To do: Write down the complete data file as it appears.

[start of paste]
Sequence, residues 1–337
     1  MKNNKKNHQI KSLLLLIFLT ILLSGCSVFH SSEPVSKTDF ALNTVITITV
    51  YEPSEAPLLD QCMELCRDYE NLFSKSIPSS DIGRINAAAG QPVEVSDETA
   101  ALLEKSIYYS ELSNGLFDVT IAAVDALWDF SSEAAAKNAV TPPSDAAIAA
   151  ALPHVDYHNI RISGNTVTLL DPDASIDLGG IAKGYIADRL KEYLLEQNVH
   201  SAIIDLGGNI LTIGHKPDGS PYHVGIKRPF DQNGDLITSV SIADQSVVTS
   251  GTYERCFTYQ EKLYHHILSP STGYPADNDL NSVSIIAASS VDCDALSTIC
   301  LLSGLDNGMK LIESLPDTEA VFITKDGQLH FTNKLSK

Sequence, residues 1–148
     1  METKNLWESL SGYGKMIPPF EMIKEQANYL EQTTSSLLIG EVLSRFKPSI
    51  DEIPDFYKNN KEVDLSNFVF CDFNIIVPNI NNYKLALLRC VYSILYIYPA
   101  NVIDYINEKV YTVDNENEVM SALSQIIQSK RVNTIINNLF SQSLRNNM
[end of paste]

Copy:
Sequence, residues 1–337
     1  MKNNKKNHQI KSLLLLIFLT ILLSGCSVFH SSEPVSKTDF ALNTVITITV
    51  YEPSEAPLLD QCMELCRDYE NLFSKSIPSS DIGRINAAAG QPVEVSDETA
   101  ALLEKSIYYS ELSNGLFDVT IAAVDALWDF SSEAAAKNAV TPPSDAAIAA
   151  ALPHVDYHNI RISGNTVTLL DPDASIDLGG IAKGYIADRL KEYLLEQNVH
   201  SAIIDLGGNI LTIGHKPDGS PYHVGIKRPF DQNGDLITSV SIADQSVVTS
   251  GTYERCFTYQ EKLYHHILSP STGYPADNDL NSVSIIAASS VDCDALSTIC
   301  LLSGLDNGMK LIESLPDTEA VFITKDGQLH FTNKLSK

Sequence, residues 1–148
     1  METKNLWESL SGYGKMIPPF EMIKEQANYL EQTTSSLLIG EVLSRFKPSI
    51  DEIPDFYKNN KEVDLSNFVF CDFNIIVPNI NNYKLALLRC VYSILYIYPA
   101  NVIDYINEKV YTVDNENEVM SALSQIIQSK RVNTIINNLF SQSLRNNM